The 21st Century Phenomenon



Italian police, on Thursday 03/15/2012, said they are investigating an alleged plot to blow up an Milan synagogue. The plans had taken shape in “super secret” Facebook groups. They have arrested a 20-year-old Moroccan – named by the Daily Telegraph in UK as Mohamed Jarmoune – who is accused of making a “detailed plan” for a terror attack on the Via della Guastalla synagogue in Milan (see also – Milan 11.12.09).

A 40-year-old woman, believed to be Yemeni, was arrested, probably simultaneously, in a pre-dawn raid, on Thursday 03/15/2012, at her home in south London. Italian police said she may have been in contact with Mohamed Jarmoune in Milan.

Italian Police reportedly found a document saved on Mohamed Jarmoune’s computer, “noting every detail in view of the planned attack on the Milan synagogue: security measures that were in place, police on duty, possible obstacles and possible access routes”.

Mohamed Jarmoune, a metal worker, was arrested in Brescia in Northern Italy amid claims from Italian police that he was using his “exceptional” computer skills to create “super secret” groups on Facebook to plot an attack.

Officers in Italy said the man had been living in the province since the age of six and “had the job of training people in the use of weapons and explosives for terror operations”. They added that months of undercover work had revealed that Mohamed Jarmoune had created “super secret” profiles on Facebook to discuss terrorism techniques that could be accessed only through a complicated system of controls that he had put on them.

“In this online arena, members could share instructions on how to assemble explosive devices, what chemical ingredients could be bought and the use of weapons,” a police statement translated into English said. “Anti-terrorism officers intercepted a message from the Moroccan in which he spoke of a ‘jihad mission’.”

The Yemeni woman is not thought to be directly involved in the alleged attack plot, but police in London said they were working with their counterparts in Italy to establish what role she had played. She was held under Section 58 of the Terrorism Act on suspicion of “possessing a document or record containing information of a kind likely to be useful to a person committing or preparing an act of terrorism”.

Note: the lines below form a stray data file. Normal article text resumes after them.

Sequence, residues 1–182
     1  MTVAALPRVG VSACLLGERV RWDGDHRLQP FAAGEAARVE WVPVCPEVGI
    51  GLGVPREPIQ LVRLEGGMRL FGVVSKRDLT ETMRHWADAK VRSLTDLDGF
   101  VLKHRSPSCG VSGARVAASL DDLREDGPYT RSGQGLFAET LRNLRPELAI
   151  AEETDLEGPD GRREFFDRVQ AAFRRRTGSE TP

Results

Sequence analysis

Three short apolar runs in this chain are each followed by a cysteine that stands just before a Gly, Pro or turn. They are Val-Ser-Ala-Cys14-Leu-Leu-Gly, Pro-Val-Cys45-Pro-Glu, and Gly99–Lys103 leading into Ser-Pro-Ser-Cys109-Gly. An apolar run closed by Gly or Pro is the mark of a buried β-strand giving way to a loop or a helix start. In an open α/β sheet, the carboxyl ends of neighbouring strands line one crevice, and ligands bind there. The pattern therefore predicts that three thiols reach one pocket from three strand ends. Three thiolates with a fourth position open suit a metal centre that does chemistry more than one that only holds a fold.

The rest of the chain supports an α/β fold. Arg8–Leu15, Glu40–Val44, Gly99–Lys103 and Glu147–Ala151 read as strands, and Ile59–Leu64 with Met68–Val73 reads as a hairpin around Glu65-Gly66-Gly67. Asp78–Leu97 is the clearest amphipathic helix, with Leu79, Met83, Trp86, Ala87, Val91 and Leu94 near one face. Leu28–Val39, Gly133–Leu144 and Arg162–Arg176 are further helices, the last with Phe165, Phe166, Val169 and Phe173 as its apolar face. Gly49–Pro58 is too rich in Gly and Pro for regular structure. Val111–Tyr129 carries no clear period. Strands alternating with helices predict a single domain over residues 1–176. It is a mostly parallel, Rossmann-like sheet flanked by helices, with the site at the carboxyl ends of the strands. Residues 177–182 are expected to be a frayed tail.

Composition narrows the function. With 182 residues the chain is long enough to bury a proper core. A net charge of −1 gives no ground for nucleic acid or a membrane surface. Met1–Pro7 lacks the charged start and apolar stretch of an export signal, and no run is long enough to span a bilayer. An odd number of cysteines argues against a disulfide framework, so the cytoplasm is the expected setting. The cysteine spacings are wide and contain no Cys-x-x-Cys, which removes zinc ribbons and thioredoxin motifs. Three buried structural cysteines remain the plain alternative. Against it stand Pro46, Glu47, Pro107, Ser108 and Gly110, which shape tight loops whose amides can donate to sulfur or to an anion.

Searches were carried out at the woman’s south London address as she was questioned. Scotland Yard said, “A search warrant was executed at a residential premises in connection with the arrest, and a search continues” they added.

Police reportedly took Mohamed Jarmoune’s computer from his flat in central Brescia, as well as detailed descriptions of how to build a car bomb and the quantities of chemicals needed to make an explosive. The flat has reportedly been part of several anti-terror investigations in the past (see – Brescia Arrests).

Brescia police chief Lucio Carluccio said: “We are not talking about a traditional criminal terror organisation, those groups are now fewer and fewer but what we are talking about is isolated groups springing up of young men who contact each other via the internet.”

The suspect had been under investigation for several months, but police moved to arrest him when they saw he was using Google maps to zoom in on areas around the synagogue in a way that suggested he was trying to check security, not browsing casually, Mr Carluccio added.  


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